Lockhart, E. The Disreputable History of Frankie Landau-Banks. New York: Hyperion, 2009.
Intended Audience: Grades 7-up
Personal reaction to the book
This book was just what I needed. I was sick of cardboard female characters who only cared about falling in love.
Frankie, the heroine in this novel, figured out a way to outsmart the old boys club all-male secret society at her boarding school. She infiltrates the patriarchal system and makes the boys do her bidding.
I loved the way that Lockhart used omniscient third person for this story. It really allowed you to watch Frankie grow in a detached yet strangely intimate way. The tone is snarky and witty, very measured in a light-handed way that is difficult to pull off. Lockhart made it look effortless. Lockhart weaved in themes of feminism both blatantly and subtly, both in outright conversations and in arguments that weren’t fully formed or defined, a perfect depiction of what it’s like to have confusing thoughts of resistance to oppression without knowing how to name them. I really wish this book had been around when I was a teen girl, as I think it would have been just as empowering for me then as it was for me now.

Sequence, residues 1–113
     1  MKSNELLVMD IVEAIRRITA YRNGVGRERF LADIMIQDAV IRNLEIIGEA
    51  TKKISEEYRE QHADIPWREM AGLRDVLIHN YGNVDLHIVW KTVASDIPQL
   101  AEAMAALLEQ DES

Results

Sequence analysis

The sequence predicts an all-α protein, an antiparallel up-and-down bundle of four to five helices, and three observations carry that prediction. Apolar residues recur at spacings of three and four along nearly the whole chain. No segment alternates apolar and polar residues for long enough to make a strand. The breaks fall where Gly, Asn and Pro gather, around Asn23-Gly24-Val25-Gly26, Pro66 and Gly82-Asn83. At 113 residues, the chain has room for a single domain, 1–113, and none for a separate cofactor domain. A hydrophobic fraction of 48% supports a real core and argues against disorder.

Every July my town’s newspaper, The Swarthmorean, publishes the “Annual Summer Reading Issue” in which people can write in their five best books they read in the past year and five they look forward to reading this year. I have already reserved a spot for Frankie Landau-Banks, and it’s only November!
- E. Lockhart graduated from Vassar and has a doctorate in English literature from Columbia where she studied 19th century British novels.
- “E” stands for Emily and is her father’s nickname for her.
- Lockhart’s favorite food is guacamole, just like Frankie.